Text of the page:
• alcohol, juice, lemonade, sparkling water (just before a workout – risk of bloating), milkshakes

If you are wondering why a sufficient fluid intake is so important and what dehydration can cause, read our article How Not Drinking Enough Fluid Affects Your Health.

Why drink before working out?

Pre-workout meals for weight loss

Maybe you’re also wondering what to eat before a workout when you’re trying to lose weight? Many people still believe that they will do best if they workout in the morning on an empty stomach while losing weight. From this they are hoping for an increased burning of body fat and a faster metabolism during the day.

Unfortunately, studies do not confirm these effects. The failure of this method may be due to the fact that without a prior meal, you cannot perform as well as if you had eaten before working out. You may feel weaker and more fatigued sooner. In addition, you may get hungry after a workout and end up eating more food overall during the day than if you had eaten before the workout. Thus, you may not be able to meet the main criterion for weight loss, which is to be in a calorie deficit (energy expenditure is higher than energy intake). But there are still exceptions, and some really enjoy training fasted and get better results than if they eat. This again confirms the need for nutrition to be personalised in all aspects.[14–15]

And so what to eat before working out early in the morning? If you have a workout first thing after waking up, try to at least eat a small meal before it. This could be a banana, toast or rice cake with a slice of ham or low-fat yoghurt. This will give you at least a little energy, probably make your workout more enjoyable and produce a better performance. In case you are unable to even get a piece of banana into you, focus on the last meal of the previous day (dinner, second dinner). This should contain a higher proportion of carbohydrates, which you can then use as an energy source for your morning workout.

If you are interested in how to lose weight, you should definitely not miss our article The Simple Basics of Weight Loss: You Will Be Surprised What’s Really Important.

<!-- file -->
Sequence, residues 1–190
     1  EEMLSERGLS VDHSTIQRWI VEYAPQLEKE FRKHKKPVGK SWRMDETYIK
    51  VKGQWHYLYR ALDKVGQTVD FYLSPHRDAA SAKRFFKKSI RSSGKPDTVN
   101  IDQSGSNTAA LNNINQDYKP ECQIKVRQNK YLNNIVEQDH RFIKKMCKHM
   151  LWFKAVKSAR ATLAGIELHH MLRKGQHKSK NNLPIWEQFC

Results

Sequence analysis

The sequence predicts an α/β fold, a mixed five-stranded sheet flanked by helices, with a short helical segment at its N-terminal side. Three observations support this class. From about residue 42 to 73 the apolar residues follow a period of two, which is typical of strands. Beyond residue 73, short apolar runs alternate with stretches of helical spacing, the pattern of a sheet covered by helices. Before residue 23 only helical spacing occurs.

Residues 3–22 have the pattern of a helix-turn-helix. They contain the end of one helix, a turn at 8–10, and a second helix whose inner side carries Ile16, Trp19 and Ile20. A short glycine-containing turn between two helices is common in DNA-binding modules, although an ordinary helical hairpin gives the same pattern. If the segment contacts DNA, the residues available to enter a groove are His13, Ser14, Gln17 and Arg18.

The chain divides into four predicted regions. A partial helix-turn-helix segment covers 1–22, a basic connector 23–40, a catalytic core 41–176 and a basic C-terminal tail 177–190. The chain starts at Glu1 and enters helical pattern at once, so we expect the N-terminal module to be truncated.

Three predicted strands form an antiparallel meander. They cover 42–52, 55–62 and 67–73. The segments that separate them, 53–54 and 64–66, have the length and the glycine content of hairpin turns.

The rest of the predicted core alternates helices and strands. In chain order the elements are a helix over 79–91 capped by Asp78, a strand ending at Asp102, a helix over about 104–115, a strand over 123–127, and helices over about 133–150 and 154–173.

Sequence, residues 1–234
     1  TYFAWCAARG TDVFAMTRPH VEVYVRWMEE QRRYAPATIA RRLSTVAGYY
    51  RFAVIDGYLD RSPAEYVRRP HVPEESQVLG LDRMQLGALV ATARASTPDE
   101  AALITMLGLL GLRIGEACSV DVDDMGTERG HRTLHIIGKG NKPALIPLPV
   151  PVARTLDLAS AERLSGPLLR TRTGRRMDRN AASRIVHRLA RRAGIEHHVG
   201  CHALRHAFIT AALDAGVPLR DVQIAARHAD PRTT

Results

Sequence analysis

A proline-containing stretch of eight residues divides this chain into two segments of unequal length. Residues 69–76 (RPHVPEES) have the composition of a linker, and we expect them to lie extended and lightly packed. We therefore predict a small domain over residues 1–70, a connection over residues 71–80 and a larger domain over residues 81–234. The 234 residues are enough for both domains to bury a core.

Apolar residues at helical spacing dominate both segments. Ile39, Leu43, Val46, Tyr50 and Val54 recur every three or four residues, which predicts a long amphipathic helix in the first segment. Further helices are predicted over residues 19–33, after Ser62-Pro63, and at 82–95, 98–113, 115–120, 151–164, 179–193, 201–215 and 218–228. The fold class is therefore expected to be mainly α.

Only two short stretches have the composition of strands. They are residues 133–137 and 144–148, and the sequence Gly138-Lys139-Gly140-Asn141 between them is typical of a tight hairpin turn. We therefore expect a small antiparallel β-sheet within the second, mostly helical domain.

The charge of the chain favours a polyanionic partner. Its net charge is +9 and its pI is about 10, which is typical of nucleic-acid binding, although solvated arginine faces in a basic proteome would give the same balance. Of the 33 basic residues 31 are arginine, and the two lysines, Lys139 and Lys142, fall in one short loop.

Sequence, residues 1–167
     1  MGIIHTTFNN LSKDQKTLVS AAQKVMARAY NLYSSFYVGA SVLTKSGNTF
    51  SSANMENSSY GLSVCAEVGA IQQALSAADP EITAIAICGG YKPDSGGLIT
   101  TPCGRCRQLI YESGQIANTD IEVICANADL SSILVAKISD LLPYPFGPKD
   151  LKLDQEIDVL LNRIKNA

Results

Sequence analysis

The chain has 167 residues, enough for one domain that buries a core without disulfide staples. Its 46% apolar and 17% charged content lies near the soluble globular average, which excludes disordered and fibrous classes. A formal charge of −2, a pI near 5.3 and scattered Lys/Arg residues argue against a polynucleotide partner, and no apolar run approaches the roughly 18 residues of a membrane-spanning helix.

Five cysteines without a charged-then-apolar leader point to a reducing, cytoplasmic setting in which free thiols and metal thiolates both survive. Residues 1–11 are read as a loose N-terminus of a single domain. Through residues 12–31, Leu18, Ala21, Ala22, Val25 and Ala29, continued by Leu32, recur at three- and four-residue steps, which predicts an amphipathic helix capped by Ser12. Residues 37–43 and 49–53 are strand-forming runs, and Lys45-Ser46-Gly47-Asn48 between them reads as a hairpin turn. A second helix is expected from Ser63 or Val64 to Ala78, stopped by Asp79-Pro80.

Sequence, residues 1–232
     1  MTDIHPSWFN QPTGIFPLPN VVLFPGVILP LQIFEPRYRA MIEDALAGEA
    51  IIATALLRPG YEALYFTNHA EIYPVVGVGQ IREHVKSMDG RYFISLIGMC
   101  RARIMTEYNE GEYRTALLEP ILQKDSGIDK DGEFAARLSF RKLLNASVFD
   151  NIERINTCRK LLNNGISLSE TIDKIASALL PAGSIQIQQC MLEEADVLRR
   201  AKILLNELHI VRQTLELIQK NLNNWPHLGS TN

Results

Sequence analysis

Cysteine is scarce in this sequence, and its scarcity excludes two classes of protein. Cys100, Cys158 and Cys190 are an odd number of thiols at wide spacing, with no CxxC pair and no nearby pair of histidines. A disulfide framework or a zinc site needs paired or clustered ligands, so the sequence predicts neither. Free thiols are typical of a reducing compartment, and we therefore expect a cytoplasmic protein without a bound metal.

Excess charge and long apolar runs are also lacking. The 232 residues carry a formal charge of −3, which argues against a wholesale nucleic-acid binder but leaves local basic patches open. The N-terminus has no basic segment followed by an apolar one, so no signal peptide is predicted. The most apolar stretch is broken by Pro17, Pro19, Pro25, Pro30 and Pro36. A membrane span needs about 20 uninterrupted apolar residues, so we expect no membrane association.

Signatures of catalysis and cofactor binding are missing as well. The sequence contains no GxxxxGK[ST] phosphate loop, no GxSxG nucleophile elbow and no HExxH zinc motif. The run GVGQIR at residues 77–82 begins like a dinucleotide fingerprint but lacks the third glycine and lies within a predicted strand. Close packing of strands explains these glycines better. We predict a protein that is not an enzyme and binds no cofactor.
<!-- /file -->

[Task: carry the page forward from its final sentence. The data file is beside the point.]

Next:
Should you eat before working out for weight loss?

Pre-workout meals for muscle growth

Nutritional timing is also addressed by bodybuilders and strength athletes who want to support muscle growth with appropriately chosen meals around their training. Fasted workouts are usually avoided because they want to prevent catabolism, i.e. muscle burning. Therefore, they try to eat at least a small meal containing both carbohydrates and protein before working out. However, they pay more attention to the post-exercise meal, which they consume within the anabolic window to maximise recovery.

However, according to current studies, it seems that pre-workout food has a similar effect on muscle growth as does post-workout food. The key is to eat enough protein within a few hours around your workout and meet your total daily intake. This way, there’s no need to focus too much on having to run to the locker room right after your workout and drink a post-workout protein or gainer so you don’t accidentally miss out on the earned gains. Simply have your protein or complex meal at home. [16]

Want to learn more about how to gain muscle? Learn all about the training and nutrition in our article What to Eat and How to Exercise to Finally Gain Muscle?

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Tips on pre-workout meals

Preparing a pre-workout meal doesn’t have to be lengthy or complicated. You can choose from sweet and savoury options, as well as finding inspiration from our pre-workout snacks. Adjust your meal portion to the time of day, pre-workout time and daily energy intake.

1. Pre-workout porridge

Porridge is based on oatmeal, quinoa, instant rice or buckwheat. They are simple to prepare, easy to digest, and when you mix in a protein, a piece of your favourite fruit and a spoonful of peanut butter, you have a complete meal. Rice porridge is the fastest to digest and is well tolerated even an hour before a workout.

Take inspiration from our recipes:

Pre-workout porridge

2. Eggs with bread and vegetables

Eggs are a favourite food with a high content of valuable nutrients. However, they have a higher fat content in the yolk, so it is better to combine whole eggs with pure egg whites. Prepare them boiled or scrambled. An omelette is also great, or you could try egg muffins. Add wholemeal bread as a source of carbohydrates and add some fresh vegetables to your meal. It’s best to have your meal with eggs no later than 2 hours before your workout, as egg protein takes a little longer to digest than whey.

Take inspiration from our recipes: